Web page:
Heaping burning coals on your enemies
“Therefore, if your enemy is hungry, feed him; if he is thirsty, give him a drink; for in so doing you will heap coals of fire on his head,” (Rom. 12:20)
This Bible phrase “…for in so doing you will heap coals of fire on his head,” is it to be taken literarily? What does it mean ordinarily speaking? According to Kenneth, Samuel Wuest (1893-1962) a great New Testament scholar wrote thus: “in Bible times, an oriental needed to keep his hearth fire going all the time in order to insure fire for cooking and warmth. It went out; he had to go to a neighbour for some live coals of fire. These he would carry on his head in a container, oriental fashion, back to his home. The person who would give him some live coals would be meeting his desperate need and showing him an outstanding kindness. If he would heap the container with coals, the man would be sure of getting some home still burning. The one injured would be returning kindness for injuring”. No matter how you look at it, in this context it is the enemy that gains.
It is important we note in the Old Testament, among others, that reference was made to fire and coals. “So I said:” woe is me, for I am undone!
Because I am a man of unclean lips and I dwell in the midst of a people of unclean lips; for my eyes have seen the King, the Lord of hosts. “Then one of the seraphim flew to me, having in his hand a live coal which he had taken with the tongs from the altar. And he touched my mouth with it, and said:”Behold, this has touched your lips; Your iniquity is taken away and your sin purged”, (Isaiah 6:5-7), while Malachi 3:2b described the coming of the Lord as (for He is like a refiner’s fire And like launderers’ soap). Therefore, Paul quoting Romans 12:20, reechoing Prov. 25:22 shows the intensity with which we are to attend to one’s enemies. It does not suggest that we should heap coals of fires on their heads. Therefore, something is expected of the Christian to the one who hates him/her.
However, the Bible teaching is “if your enemy is hungry, give him food”, and “if he is thirsty, give him drink”. This is a great weapon of destruction to a supposed enemy, using good to overcome evil. When we show our enemies kindness and love, we are by these acts heaping burning coals on their heads. We are covering them with shame and that should be the attitude of the child of God to his/her enemies. Notice, it was said of Abraham Lincoln, when he was asked, why he did not seek to destroy his enemies, but showed them leniency instead. He said, “Do I not destroy my enemies but I make them friends”?
This world cannot progress on the altar of hate. As it is, the Nigerian society is already polarised along the lines of religion, ethnicity and language. People now think in terms of where they come from, religion or tongue. But should it be so? Time has come for people to unite and find practicable ways to assist one another, particularly at these trying times. Jesus’ teaching is still relevant here to us: “Give to everyone who asks of you. And from him who takes away your goods do not ask them back”, (Luke 6:30).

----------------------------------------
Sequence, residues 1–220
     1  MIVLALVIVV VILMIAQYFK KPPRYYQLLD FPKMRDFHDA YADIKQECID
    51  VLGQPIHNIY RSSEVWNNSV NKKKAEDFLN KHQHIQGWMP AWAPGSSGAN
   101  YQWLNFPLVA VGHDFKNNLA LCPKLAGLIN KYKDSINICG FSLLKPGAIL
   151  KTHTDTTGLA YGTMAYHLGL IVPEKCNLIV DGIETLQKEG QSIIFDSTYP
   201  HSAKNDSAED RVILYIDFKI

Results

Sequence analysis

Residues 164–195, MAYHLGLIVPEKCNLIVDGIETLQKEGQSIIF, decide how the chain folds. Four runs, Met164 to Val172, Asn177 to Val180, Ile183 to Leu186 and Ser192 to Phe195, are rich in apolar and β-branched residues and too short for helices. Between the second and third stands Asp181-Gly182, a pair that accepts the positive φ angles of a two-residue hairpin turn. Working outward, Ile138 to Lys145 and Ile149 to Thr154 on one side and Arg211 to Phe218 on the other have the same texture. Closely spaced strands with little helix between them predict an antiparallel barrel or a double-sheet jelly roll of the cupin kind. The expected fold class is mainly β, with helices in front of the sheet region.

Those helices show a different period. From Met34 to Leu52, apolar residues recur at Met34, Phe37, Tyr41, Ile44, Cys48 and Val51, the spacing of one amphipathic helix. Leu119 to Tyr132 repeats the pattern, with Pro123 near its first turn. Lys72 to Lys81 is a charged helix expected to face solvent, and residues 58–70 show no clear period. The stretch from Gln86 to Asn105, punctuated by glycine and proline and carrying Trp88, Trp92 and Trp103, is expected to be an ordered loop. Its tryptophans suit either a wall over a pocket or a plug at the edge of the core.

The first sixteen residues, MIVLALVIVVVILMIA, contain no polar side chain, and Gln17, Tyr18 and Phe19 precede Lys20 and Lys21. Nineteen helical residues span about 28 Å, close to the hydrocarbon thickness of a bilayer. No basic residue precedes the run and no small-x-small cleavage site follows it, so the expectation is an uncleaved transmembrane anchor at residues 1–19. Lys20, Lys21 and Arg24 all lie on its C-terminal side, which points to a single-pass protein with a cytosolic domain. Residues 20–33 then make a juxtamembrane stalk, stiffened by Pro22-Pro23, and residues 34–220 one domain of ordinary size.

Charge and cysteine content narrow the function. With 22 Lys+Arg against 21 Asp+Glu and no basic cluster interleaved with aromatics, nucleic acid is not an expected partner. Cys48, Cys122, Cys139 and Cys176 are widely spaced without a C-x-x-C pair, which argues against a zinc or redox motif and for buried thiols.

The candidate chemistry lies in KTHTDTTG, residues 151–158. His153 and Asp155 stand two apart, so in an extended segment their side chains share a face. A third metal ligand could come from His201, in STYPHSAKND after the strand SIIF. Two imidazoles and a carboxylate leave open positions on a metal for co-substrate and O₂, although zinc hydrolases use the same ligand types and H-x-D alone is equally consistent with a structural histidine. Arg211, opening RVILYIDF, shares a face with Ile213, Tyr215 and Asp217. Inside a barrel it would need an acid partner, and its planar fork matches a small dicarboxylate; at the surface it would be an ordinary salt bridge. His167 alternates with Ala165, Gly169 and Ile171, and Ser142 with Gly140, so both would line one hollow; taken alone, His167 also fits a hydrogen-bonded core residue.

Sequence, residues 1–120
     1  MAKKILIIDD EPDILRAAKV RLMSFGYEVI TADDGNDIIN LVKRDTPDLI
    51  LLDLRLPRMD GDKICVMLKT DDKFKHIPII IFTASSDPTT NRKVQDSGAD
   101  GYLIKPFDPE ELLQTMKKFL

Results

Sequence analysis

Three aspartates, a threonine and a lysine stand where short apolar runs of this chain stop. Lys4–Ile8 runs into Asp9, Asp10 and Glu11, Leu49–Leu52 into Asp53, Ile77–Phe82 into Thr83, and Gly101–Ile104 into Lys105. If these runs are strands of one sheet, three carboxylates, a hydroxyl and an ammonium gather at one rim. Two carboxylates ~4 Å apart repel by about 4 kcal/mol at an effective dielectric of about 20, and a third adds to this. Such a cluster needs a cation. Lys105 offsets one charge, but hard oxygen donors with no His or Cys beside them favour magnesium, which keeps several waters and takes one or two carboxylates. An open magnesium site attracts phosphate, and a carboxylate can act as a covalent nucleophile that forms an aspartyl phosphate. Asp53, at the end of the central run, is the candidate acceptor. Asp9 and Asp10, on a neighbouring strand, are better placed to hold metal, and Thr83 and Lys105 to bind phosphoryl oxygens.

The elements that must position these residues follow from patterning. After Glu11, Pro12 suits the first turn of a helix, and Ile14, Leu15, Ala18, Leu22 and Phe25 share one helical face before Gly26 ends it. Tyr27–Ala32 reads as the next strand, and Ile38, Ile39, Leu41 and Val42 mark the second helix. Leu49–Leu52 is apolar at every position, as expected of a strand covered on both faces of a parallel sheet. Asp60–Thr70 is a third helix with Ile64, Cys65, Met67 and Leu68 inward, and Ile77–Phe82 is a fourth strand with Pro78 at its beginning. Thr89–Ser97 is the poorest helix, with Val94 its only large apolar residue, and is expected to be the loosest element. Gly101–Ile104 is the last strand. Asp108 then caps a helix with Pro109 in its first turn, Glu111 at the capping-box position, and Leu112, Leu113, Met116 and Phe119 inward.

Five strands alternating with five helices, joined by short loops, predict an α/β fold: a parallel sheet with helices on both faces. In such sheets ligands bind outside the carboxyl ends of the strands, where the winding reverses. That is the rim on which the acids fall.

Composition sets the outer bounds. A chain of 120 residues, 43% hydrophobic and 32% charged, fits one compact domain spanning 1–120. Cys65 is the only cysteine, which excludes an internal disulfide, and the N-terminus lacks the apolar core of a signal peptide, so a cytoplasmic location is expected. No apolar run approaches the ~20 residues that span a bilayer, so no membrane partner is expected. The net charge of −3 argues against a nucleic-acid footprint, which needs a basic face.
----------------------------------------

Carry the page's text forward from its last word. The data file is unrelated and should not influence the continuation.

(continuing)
We feel ashamed sometimes, when we see some persons who claim to be children of God keeping diaries of wrong done to them. Such ancient grudges would always be looking for a way to manifest, if care is not taken. To the effect that when we see our supposed enemies undergoing some challenges or trials, we feel, it is good for them to go through such. St. Paul will remind us thus: “Therefore, if anyone is in Christ, he is a new creation; old things have passed away; behold all things have become new”, (2 Cor. 5:17). The newness of life required of the Christian will enable him/her to appreciate the fact that it is always good to overcome hatred with love.
Certainly, the world would be a better place, if Christians practise what they teach or believe in. But when they allow the flesh to overcome the Spirit then, where lies the difference between them and the world? Jesus noted: “that you may be sons of your Father in heaven; for He makes His sun rise on the evil and on the good, and sends rain on the just and on the unjust. For if you love those who love you, what rewards have you? Do not even the tax collectors do the same? And if you greet your brethren only, what do you do more than others? Do not even the tax collectors do so? Therefore, you shall be perfect, just as your Father in heaven is perfect”, (Matt. 5:45-48).
Therefore, enemy and antagonist may be overcome not by your words, but by your good deeds. They may be transformed by a renewal of their mind; they may be changed from darkness to light, as we evangelise silently by action not words. Remember, what the scripture says to us: “For we do not wrestle against flesh and blood, but against principalities, against powers, against the rulers of the darkness of this age, against spiritual hosts of wickedness in the heavenly places” (Eph. 6:12).
Ven. Ernest OnuohaRector, Ibru International Ecumenical Centre, Agbarha-Otor, Delta State.